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  1. xsavior's Avatar
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       #1  
    I was wondering what people use for GPS. Until i recently had it stolen, i had a hand held Garmin, that, while limite in memory, always served admirably for getting me from A to B. Since it is now gone, i'm looking into replacement options. I really like the idea of the Tom Tom Navigator 6, and for $300, it seems like a really good deal, and gets a ton of great reviews, but what might i be losing compared to a stand alone product of about the same price?

    I'm guessing since i've already made the hardware investement in my 700p, that $300 devoted almost entirely to the software will be significantly better than what i could get for the same price and almost having to "re-buy" the hardware component.

    Opinions?
  2. #2  
    Quote Originally Posted by Xsavior View Post
    I was wondering what people use for GPS.
    Opinions?
    I have the TomTom Navigator 5 and the TomTom receiver I use on my 700p. I absolutely love it. I have CoPilot 8 on my PC and have used the Delome products also I also have a Lawrence 300 hand held GPS. TomTom beats them all. The only thing I miss is the altimeter that is on CoPilot.

    I'm going to get Navigator 6 when they offer an upgrade.

    ck
  3. #3  
    TomTom Navigator 6 and Garmin GPS 10 work similarly and have similar feature sets. In both cases you buy a bluetooth GPS receiver that communicates with your Treo via software that you install on your Treo. Also both systems come with a data DVD containing a map database, some or all of which you upload to your SD card. The biggest difference seems to be whether the GPS unit or the phone itself is the hardware key for the map database. Garmin uses the 1st method which allows you to use the maps with many Palm, Pocket PC and Windows machines but only one (actually 2) GPS units, whereas TomTom uses the 2nd method which allow you to use the maps with only one Palm unit but many GPS units. Search my recent posts for more details.
  4. #4  
    I use TeleNav on my Treo 650. TeleNav is a great application. There is a fee, $9.99 a month BUT well worth the price.
    Thank You,
    Chris Luce
    mr_cluce@yahoo.com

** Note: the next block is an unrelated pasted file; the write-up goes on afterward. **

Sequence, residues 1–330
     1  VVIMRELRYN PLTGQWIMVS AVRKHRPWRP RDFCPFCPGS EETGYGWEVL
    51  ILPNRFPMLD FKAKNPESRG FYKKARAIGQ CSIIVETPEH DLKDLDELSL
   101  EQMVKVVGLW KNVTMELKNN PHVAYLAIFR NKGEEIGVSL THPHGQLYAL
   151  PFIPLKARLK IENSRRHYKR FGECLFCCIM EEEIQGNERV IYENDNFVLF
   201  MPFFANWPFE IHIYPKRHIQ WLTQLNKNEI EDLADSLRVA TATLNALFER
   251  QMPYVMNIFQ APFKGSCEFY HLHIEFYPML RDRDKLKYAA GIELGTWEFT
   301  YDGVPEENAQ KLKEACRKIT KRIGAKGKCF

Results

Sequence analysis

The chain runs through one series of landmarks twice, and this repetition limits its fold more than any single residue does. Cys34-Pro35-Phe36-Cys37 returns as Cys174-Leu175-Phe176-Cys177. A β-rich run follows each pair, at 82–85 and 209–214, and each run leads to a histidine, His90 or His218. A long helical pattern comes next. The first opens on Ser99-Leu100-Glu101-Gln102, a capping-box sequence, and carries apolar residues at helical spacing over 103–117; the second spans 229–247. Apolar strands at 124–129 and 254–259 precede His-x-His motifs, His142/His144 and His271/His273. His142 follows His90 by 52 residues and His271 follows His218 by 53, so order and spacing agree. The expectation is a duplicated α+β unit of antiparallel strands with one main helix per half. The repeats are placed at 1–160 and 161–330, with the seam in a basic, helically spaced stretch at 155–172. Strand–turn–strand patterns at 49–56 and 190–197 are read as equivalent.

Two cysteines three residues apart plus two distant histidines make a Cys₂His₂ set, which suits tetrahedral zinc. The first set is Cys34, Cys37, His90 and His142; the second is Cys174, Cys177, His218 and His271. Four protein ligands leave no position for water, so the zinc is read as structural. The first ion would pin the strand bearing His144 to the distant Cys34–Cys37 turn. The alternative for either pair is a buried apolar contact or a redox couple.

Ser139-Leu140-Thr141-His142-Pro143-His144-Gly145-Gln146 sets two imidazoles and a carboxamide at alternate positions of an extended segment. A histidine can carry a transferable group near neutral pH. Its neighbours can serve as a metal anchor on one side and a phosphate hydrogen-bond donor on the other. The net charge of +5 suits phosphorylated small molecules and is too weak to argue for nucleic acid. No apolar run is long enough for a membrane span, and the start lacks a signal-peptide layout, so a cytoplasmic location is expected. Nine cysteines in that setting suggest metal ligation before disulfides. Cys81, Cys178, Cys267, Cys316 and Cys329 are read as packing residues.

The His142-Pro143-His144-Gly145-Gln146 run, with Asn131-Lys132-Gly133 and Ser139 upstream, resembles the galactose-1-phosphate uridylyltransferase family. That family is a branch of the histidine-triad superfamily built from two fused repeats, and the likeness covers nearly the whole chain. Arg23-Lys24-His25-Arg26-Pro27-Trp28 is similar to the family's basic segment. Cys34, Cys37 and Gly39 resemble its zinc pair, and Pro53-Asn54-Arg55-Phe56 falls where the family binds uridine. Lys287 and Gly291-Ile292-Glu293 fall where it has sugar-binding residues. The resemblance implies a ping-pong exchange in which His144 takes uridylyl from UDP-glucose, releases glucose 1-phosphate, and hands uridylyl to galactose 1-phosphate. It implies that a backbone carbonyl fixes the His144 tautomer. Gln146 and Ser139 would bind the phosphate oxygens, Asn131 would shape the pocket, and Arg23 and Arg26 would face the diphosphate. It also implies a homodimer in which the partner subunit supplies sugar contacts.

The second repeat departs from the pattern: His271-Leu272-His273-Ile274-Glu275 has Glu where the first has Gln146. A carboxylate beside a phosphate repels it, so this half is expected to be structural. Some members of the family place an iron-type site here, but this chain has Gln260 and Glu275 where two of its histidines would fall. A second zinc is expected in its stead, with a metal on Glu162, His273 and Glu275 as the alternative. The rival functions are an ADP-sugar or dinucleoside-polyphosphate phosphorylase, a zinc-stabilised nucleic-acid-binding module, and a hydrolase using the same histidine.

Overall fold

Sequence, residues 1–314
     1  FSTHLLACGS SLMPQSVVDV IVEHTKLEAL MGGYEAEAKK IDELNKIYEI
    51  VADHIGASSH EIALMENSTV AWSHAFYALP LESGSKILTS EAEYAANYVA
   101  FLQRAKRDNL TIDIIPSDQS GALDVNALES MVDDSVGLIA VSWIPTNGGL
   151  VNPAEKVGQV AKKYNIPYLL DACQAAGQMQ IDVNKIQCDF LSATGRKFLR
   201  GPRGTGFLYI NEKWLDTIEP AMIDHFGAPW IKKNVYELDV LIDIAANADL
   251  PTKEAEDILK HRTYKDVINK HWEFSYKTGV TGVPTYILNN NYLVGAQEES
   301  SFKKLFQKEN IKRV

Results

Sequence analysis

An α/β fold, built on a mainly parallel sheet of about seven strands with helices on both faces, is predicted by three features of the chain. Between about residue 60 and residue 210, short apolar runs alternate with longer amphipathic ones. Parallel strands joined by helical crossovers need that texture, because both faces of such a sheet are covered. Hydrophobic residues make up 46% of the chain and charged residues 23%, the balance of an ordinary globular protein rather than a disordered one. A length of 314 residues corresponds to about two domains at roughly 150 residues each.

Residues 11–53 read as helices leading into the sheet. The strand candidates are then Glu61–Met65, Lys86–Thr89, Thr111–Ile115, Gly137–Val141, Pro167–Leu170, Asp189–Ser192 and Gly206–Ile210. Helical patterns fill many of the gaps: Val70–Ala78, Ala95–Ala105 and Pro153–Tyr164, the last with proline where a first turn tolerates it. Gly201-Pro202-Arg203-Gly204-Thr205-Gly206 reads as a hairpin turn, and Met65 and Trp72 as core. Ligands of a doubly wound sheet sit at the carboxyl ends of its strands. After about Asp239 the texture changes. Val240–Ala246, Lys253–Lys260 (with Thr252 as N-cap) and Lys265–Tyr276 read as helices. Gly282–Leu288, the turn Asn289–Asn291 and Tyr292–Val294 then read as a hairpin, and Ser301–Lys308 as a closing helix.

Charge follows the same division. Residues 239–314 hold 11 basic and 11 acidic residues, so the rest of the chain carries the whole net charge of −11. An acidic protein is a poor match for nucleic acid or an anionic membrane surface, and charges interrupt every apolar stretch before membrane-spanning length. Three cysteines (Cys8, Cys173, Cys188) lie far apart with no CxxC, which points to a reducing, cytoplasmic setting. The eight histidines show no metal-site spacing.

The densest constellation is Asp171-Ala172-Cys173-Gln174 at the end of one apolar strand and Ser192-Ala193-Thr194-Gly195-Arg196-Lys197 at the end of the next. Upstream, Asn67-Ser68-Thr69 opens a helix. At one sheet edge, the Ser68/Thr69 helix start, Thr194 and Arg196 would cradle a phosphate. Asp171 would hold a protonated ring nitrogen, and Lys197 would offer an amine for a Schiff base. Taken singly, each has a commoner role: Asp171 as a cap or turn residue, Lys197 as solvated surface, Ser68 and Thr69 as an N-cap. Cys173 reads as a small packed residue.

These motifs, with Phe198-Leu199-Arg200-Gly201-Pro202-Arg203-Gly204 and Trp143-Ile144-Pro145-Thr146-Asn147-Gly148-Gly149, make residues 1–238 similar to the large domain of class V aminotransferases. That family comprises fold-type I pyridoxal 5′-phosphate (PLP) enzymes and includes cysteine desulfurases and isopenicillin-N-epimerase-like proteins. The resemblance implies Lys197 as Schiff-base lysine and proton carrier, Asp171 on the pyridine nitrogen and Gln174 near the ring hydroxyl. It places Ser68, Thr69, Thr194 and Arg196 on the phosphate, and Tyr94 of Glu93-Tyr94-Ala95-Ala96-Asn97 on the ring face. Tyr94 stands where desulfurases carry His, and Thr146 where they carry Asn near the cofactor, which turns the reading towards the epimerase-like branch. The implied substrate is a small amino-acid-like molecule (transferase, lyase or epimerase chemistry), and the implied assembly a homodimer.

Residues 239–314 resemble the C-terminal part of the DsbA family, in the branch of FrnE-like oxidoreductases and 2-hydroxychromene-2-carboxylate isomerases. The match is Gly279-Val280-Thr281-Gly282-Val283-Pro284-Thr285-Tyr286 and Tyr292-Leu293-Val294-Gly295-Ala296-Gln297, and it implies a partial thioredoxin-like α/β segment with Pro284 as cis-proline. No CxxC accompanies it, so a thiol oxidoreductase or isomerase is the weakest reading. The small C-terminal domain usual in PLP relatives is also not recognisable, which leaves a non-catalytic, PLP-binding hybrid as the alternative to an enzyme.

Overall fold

5. #5  
    Here's My $.02....

    For car navigation, I really love TomTom. I've been using v5 for a little over a year now and love the flexibility it offers. I started with a powered Treo-cradle GPS, but recenty picked up a GlobalSat BT unit. I've hard wired it into my glove box, and while it's completely out of sight, it syncs to the sats better than my cradle unit ever did (both are Sirf III units).

    On the other hand, I expected to also play around with Geocaching and my Treo. There are many software based nav tools and all look great -- HOWEVER, I have faced consideable frustration trying to get anywhere near as close to caches as my pals with stand alone units. The Treo "flip-flops" as I approach (about 60 yards or so) and can't seem to point in the right direction while at walking speeds. I have learned on a few GeoCaching sites that typical car-based units are not well suited for hand-help operation as they are "tuned" to function best at 20 mph and greater... That would explain my experience to a T!

    All-in-all, I LOVE my T700p and TomTom. It's a great traveling companion. For caching, however, I'm saving my pennies for a Garmin.
  6. #6  
    I use a Seidio 4850T GPS Car Kit and TomTom 5 on my Verizon 700P, and love it. It sincs up fast, provides hands free speaker phone and lets me use my Bluetooth headset, if I wanted to.
  7. #7  
    Quote Originally Posted by kd_cooke View Post
    Here's My $.02....

    For car navigation, I really love TomTom. I've been using v5 for a little over a year now and love the flexibility it offers. I started with a powered Treo-cradle GPS, but recenty picked up a GlobalSat BT unit. I've hard wired it into my glove box, and while it's completely out of sight, it syncs to the sats better than my cradle unit ever did (both are Sirf III units).

    On the other hand, I expected to also play around with Geocaching and my Treo. There are many software based nav tools and all look great -- HOWEVER, I have faced consideable frustration trying to get anywhere near as close to caches as my pals with stand alone units. The Treo "flip-flops" as I approach (about 60 yards or so) and can't seem to point in the right direction while at walking speeds. I have learned on a few GeoCaching sites that typical car-based units are not well suited for hand-help operation as they are "tuned" to function best at 20 mph and greater... That would explain my experience to a T!

    All-in-all, I LOVE my T700p and TomTom. It's a great traveling companion. For caching, however, I'm saving my pennies for a Garmin.

    I really like the idea of hardwiring the GPS receiver into the glovebox. Is there any signal lost on the GPS or Bluetooth side that you can notice? How ofter does your Treo crash when running TomTom? Are you using any MP3 player while TomTom is also running?
    Pilot 5K->Palm IIIc->Tungsten T/T2->Treo 650/680 -> Pre+ (1.4.5 & Uberkernel)